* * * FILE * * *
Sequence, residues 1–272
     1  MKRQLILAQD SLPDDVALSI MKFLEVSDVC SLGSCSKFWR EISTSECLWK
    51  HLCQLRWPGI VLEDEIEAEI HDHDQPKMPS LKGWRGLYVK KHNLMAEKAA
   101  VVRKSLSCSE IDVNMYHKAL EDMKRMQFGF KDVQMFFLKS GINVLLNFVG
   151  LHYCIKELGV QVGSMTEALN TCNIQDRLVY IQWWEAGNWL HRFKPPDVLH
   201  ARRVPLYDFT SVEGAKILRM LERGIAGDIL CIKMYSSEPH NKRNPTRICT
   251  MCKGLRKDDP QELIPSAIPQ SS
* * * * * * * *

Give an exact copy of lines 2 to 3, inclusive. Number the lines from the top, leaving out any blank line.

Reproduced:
     1  MKRQLILAQD SLPDDVALSI MKFLEVSDVC SLGSCSKFWR EISTSECLWK
    51  HLCQLRWPGI VLEDEIEAEI HDHDQPKMPS LKGWRGLYVK KHNLMAEKAA